Foundational Principles for Digital Transformation: Integrate Electronically with Trading Partners

July 24, 2019 Adrian Gonzalez

Getting your own house in order with regards to enabling greater collaboration between functional groups and moving up the IT sophistication curve is important but not enough. Companies in the HBM industry also need to drive alignment with their suppliers, customers, logistics service providers, and other external trading partners, as well as share data, documents, and other information with them in a timely and reliable manner.

Connecting electronically with hundreds (or even thousands) of trading partners in a cost-effective and timely manner has historically been a challenge, which is why a lot of companies have taken an 80/20 approach -- that is, they have connected electronically with only 20 percent of their trading partners that account for 80 percent of their transactions.

The HBM industry, however, is not even at the 20 percent level when it comes to trading partner connectivity. According to a survey of executives at the Command Alkon Leadership Roundtable in November 2017, email is the most common method used to exchange data with trading partners (61 percent of the responses), with phone calls and paper handoffs accounting for 13 percent, about the same as EDI.

That said, in a business environment where making smarter decisions faster is becoming more important than ever, and where the margin for error is getting smaller and smaller, the 80/20 rule to trading partner connectivity is quickly becoming obsolete — and a risk to future success and competitiveness.

Advancements in connectivity technology, including web services and APIs, are reducing the time and effort it takes to onboard trading partners, while mobile apps and devices are making it easier for users to capture and share data and information. In addition, leading companies are starting to recognize that the best connectivity platform moving forward is a Supply Chain Operating Network (SCON), which are the business equivalent of Facebook and LinkedIn.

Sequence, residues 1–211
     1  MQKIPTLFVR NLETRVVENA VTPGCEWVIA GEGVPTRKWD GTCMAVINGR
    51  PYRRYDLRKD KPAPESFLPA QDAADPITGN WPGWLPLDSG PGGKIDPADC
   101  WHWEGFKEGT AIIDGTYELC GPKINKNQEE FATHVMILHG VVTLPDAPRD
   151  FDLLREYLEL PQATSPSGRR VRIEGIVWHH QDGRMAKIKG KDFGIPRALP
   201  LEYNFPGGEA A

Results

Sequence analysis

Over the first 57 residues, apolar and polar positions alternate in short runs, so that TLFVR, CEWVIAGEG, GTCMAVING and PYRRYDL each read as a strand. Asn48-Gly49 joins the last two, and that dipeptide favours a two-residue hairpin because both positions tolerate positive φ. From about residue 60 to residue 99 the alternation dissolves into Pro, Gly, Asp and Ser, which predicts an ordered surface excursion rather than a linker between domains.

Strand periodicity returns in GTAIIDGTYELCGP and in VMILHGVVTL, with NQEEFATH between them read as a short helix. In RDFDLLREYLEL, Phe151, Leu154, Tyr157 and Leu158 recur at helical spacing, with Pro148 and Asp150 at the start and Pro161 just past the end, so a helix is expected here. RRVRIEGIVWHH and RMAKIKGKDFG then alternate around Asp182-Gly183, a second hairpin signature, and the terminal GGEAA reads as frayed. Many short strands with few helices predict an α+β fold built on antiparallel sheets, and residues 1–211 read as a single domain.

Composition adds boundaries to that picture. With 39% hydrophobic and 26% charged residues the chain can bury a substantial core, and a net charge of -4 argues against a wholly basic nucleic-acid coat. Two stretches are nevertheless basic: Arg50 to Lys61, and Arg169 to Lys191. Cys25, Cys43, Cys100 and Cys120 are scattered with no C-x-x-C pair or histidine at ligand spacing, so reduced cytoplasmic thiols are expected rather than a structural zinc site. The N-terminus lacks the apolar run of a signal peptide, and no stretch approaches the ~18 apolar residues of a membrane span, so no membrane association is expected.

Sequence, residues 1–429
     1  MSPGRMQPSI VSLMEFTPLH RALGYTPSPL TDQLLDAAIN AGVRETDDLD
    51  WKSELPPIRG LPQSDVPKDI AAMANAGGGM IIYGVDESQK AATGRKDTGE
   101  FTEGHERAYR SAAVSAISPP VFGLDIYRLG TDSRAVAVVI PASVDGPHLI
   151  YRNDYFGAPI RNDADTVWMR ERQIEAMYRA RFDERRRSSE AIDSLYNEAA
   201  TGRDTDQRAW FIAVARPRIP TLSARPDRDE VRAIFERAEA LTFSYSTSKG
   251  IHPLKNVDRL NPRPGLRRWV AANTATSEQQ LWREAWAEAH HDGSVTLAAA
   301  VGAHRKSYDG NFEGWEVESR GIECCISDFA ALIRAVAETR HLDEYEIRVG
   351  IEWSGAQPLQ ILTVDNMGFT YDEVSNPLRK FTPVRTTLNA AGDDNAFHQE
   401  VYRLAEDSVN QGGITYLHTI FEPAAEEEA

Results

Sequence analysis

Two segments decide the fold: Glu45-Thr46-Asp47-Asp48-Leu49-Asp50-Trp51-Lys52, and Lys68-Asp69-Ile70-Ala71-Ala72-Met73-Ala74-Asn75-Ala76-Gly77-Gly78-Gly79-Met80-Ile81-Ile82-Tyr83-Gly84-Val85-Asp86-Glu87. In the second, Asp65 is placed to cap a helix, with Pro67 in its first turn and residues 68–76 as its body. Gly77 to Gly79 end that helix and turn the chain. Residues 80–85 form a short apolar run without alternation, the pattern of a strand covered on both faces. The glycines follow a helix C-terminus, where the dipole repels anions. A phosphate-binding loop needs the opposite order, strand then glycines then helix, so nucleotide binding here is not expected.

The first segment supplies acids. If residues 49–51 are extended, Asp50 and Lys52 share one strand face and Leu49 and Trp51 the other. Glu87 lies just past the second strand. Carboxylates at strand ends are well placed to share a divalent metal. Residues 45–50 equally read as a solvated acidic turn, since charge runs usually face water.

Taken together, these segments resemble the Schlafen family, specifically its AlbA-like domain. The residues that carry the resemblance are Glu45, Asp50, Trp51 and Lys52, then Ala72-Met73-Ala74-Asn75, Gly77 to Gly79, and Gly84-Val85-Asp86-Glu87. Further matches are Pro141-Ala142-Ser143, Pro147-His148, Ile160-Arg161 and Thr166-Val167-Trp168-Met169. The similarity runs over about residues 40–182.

SCONs bring together software applications, B2B connectivity, and social networking capabilities in a cloud environment, thus enabling communities of trading partners to communicate, collaborate, and execute business processes in more efficient, scalable, and innovative ways. Instead of creating and managing thousands of one-to-one connections with their trading partners, companies make a single connection to the SCON where their trading partners and thousands of other companies are also connected. SCONs also provide additional benefits related to supply chain visibility, business intelligence, and analytics, as described in more detail below.

Assessment Questions

  • What percent of your trading partners are you electronically connected with today?
  • What percent of your business transactions are driven by electronic communications?
  • What percent of your electronic connections are via EDI versus APIs or web services?
  • How long does it take you to onboard a new trading partner?
  • Who is responsible for trading partner connectivity at your company? How many people (FTE) are involved?
  • What major factors have limited your ability to date to electronically connect with your trading partners (e.g., your willingness, their willingness, lack of trust, lack of technology)?

Interested in learning more? Download Construction is Lagging In Digitization LET'S GET UNSTUCK ​for more foundational principles for digital transformation.

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